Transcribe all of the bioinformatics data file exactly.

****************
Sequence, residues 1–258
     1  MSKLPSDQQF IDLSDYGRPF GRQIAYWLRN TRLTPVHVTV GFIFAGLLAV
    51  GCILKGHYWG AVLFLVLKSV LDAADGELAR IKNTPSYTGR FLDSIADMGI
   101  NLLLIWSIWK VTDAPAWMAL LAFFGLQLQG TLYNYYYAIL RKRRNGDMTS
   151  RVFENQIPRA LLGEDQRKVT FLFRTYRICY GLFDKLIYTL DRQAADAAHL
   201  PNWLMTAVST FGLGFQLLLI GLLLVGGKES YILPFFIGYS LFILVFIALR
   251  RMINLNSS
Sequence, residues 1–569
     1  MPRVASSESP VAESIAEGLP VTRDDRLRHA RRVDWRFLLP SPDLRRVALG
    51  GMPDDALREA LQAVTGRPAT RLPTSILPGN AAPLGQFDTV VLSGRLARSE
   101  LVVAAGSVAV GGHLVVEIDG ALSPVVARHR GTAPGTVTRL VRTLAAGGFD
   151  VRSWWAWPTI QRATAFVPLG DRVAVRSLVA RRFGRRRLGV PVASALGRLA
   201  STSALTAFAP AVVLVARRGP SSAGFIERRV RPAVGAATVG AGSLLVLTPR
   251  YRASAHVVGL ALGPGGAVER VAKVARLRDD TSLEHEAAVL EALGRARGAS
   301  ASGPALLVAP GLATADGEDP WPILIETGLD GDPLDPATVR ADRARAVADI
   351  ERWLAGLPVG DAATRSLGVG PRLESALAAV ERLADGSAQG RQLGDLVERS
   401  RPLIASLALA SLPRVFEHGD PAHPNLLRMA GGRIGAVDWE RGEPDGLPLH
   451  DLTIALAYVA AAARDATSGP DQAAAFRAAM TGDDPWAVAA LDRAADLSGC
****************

Sequence, residues 1–258
     1  MSKLPSDQQF IDLSDYGRPF GRQIAYWLRN TRLTPVHVTV GFIFAGLLAV
    51  GCILKGHYWG AVLFLVLKSV LDAADGELAR IKNTPSYTGR FLDSIADMGI
   101  NLLLIWSIWK VTDAPAWMAL LAFFGLQLQG TLYNYYYAIL RKRRNGDMTS
   151  RVFENQIPRA LLGEDQRKVT FLFRTYRICY GLFDKLIYTL DRQAADAAHL
   201  PNWLMTAVST FGLGFQLLLI GLLLVGGKES YILPFFIGYS LFILVFIALR
   251  RMINLNSS
Sequence, residues 1–569
     1  MPRVASSESP VAESIAEGLP VTRDDRLRHA RRVDWRFLLP SPDLRRVALG
    51  GMPDDALREA LQAVTGRPAT RLPTSILPGN AAPLGQFDTV VLSGRLARSE
   101  LVVAAGSVAV GGHLVVEIDG ALSPVVARHR GTAPGTVTRL VRTLAAGGFD
   151  VRSWWAWPTI QRATAFVPLG DRVAVRSLVA RRFGRRRLGV PVASALGRLA
   201  STSALTAFAP AVVLVARRGP SSAGFIERRV RPAVGAATVG AGSLLVLTPR
   251  YRASAHVVGL ALGPGGAVER VAKVARLRDD TSLEHEAAVL EALGRARGAS
   301  ASGPALLVAP GLATADGEDP WPILIETGLD GDPLDPATVR ADRARAVADI
   351  ERWLAGLPVG DAATRSLGVG PRLESALAAV ERLADGSAQG RQLGDLVERS
   401  RPLIASLALA SLPRVFEHGD PAHPNLLRMA GGRIGAVDWE RGEPDGLPLH
   451  DLTIALAYVA AAARDATSGP DQAAAFRAAM TGDDPWAVAA LDRAADLSGC